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SDHC to be replaced by SDXC

SDHC to be replaced by SDXC

The 32GB SDXC card is a world first for Pretec - and will soon be followed by sizes up to 2TB.

The format war is back again – but this time it's solid state, rather than optical, storage that's in the firing line as SDHC sees stiff competition from newcomer SDXC.

According to an article over on I4U, flash memory specialist Pretec has taken the wraps off what it claims is the world's first memory card based around the new Secure Digital eXtended Capacity format. Designed as a drop-in replacement for current SDHC-based systems, the new technology takes over where the current leaves off: where SDHC maxes out at a not-inconsiderable 32GB, that's where SDXC starts.

The SDXC technology – of which the 32GB offering from Pretec is but the first implementation – promises to scale to 2TB without breaking out of the SD form factor, and has data transfer speeds of 50MB/s jumping to 104MB/s “in the future,” according to Pretec. The SDXC standard itself promises to hit 300MB/s before theoretical limitations stop being quite so theoretical.

While the form factor is the same as the SDHC – and SD – cards before it, the good news stops there: SDXC is completely incompatible with both SD and SDHC-based systems, and will require specially designed hardware to take advantage of the increased speed and capacity it offers. Software implementations will need to be updated too: while SD and SDHC both used the FAT32 file system, SDXC uses Microsoft's proprietary exFAT as standard.

While the increased storage capacity is welcome, the new format could well see a challenge from SDHC in the near future: while the current specification is limited to 32GB, this is an arbitrary figure in the SD 2.0 standards documentation. Should this limitation be removed in future revisions of the standard, there's nothing to stop SDHC also scaling to 2TB – albeit without the speed boosts offered by SDXC.

Does the thought of a 2TB SD card with a 300MB/s read/write speed in your camera fill you with joy, or will it take more than that to tempt you away from good old Compact Flash? Share your thoughts over in the forums.

19 Comments

Discuss in the forums Reply
phuzz 6th March 2009, 10:55 Quote
Perhaps, given what M$ are doing to TomTom at the moment, a storage scheme based on an actually free file system would be better?
UncertainGod 6th March 2009, 11:01 Quote
Why did they choose to go with exFAT for the file system?
Flexible_Lorry 6th March 2009, 11:15 Quote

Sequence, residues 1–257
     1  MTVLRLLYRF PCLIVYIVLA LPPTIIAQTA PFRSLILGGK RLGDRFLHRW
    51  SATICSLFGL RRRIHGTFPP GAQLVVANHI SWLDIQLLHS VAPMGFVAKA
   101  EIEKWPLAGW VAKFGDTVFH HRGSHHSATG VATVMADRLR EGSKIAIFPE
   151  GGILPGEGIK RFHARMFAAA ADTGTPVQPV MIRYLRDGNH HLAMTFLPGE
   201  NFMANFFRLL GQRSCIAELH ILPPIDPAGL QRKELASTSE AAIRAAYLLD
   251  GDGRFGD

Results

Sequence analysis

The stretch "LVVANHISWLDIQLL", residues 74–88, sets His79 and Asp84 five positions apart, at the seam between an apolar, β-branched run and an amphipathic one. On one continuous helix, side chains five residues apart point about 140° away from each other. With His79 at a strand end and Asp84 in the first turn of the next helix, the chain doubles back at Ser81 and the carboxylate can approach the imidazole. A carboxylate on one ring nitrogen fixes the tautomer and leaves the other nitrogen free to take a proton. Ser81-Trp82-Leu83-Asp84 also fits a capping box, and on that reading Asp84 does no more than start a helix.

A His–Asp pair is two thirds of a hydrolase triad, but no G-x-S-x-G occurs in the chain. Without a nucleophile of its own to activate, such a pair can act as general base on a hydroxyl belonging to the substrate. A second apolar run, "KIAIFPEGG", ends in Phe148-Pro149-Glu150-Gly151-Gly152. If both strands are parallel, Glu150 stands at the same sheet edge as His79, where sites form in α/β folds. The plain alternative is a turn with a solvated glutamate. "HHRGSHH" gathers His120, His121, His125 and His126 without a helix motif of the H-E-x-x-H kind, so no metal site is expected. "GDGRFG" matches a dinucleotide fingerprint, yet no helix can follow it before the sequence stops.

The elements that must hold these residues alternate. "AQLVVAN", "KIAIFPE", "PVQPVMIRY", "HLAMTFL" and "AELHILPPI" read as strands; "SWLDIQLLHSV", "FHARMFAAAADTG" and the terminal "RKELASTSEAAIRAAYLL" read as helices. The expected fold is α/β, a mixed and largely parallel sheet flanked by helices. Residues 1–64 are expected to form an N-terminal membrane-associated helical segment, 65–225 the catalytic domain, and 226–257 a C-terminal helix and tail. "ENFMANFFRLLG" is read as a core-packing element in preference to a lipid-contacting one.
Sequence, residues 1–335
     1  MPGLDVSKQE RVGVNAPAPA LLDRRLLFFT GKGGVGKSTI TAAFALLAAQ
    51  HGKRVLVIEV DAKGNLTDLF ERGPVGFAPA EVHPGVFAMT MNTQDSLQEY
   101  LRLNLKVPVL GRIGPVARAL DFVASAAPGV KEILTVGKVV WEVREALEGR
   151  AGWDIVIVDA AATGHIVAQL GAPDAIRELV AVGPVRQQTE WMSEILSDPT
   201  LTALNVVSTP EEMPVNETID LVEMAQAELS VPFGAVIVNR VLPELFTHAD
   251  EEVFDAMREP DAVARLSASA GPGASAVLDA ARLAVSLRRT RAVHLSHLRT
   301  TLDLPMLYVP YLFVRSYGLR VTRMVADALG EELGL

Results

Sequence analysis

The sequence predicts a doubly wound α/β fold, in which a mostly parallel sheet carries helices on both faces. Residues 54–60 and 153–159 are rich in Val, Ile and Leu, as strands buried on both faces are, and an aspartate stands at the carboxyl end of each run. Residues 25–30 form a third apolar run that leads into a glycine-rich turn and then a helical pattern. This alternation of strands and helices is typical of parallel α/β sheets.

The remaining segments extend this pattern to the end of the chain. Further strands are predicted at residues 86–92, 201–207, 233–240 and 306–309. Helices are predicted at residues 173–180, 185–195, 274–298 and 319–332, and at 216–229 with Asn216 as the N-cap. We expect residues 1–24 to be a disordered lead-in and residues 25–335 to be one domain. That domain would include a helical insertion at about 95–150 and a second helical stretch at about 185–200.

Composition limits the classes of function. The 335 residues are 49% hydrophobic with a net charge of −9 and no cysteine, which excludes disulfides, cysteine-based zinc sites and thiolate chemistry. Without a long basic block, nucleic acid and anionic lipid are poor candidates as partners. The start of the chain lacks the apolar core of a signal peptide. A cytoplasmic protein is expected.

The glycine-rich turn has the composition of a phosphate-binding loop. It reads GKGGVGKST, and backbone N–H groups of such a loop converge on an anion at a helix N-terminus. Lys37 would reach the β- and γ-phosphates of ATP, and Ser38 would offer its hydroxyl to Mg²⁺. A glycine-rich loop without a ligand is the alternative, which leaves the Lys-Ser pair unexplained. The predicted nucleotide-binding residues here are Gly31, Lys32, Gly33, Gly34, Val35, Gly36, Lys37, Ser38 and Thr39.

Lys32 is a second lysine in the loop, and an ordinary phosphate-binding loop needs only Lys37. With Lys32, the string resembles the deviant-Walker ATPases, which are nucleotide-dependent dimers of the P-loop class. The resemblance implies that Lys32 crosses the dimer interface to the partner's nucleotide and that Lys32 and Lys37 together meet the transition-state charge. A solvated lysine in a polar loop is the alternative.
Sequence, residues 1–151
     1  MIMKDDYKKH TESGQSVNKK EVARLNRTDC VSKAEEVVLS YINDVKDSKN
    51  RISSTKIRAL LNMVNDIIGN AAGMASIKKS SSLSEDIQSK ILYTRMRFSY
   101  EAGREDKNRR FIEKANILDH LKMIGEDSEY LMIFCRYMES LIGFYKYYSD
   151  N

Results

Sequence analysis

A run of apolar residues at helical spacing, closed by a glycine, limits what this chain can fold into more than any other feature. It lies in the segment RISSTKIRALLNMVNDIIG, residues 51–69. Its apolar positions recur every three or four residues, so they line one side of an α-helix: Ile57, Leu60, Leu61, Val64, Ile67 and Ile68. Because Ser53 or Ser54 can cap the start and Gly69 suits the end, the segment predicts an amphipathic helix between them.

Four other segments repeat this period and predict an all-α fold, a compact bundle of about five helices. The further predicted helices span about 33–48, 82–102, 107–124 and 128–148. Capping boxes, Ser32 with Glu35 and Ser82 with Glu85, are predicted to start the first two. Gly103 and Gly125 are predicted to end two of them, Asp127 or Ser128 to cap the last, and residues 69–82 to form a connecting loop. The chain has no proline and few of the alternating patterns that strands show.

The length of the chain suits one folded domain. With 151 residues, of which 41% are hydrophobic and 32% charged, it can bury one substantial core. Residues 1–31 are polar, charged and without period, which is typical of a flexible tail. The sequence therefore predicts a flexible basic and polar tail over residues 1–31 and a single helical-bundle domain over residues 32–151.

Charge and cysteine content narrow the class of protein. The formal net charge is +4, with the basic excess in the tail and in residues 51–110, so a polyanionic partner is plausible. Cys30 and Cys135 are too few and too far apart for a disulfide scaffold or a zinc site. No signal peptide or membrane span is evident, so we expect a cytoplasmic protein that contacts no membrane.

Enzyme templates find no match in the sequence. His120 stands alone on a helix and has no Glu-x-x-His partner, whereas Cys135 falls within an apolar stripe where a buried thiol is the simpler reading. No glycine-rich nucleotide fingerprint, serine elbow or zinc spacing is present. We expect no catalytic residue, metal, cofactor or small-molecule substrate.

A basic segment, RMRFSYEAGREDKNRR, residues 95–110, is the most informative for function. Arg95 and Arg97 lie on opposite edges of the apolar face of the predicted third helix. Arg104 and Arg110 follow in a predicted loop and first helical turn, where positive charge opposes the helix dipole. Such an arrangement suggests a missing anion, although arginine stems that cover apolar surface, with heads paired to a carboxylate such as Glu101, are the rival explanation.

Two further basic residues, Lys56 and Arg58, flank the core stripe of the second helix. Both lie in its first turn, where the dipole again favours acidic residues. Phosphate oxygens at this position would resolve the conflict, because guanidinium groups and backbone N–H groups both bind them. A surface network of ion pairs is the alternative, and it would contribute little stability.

I will take 2TB of pictures and force my family to live through every single one
TomH 6th March 2009, 12:13 Quote
Quote:
Originally Posted by UncertainGod
Why did they choose to go with exFAT for the file system?
More than likely due to the extremely small over-heads it carries. And that's before you get to the similarities between FAT32 and FAT64, making it a simpler 'port' for your firmwares.

I digress, a free file system would be preferable.

I somehow don't think TomTom will be using >32GiB of space any time soon, however.
scarrmrcc 6th March 2009, 13:15 Quote
"While the form factor is the same as the SDHC – and SD – cards before it, the good news stops there: SDXC is completely incompatible with both SD and SDHC-based systems, and will require specially designed hardware to take advantage of the increased speed and capacity it offers"

so then why use the same form factor? is it to fool idiots into buying it, thinking it will work in their stuff, when it wont?
Gareth Halfacree 6th March 2009, 13:18 Quote
Quote:
Originally Posted by scarrmrcc
so then why use the same form factor? is it to fool idiots into buying it, thinking it will work in their stuff, when it wont?
Same reason SDHC uses the SD form factor despite being incompatible - SD cards will work fine in SDHC devices, just not the other way around. Likewise, SD/SDHC cards should work fine in SDXC devices, just not the other way around.

If you buy a new camera, imagine how ticked off you'd be if you couldn't use any of your old memory cards.
B3CK 6th March 2009, 18:39 Quote
I spoke at length with every Scandisc employee, even their tech's at CES about this new xd card they are putting out. They have absolutely no plans to implement read/write speeds to pc at a data rate that compares to the camera/device ability to write/read to the card installed.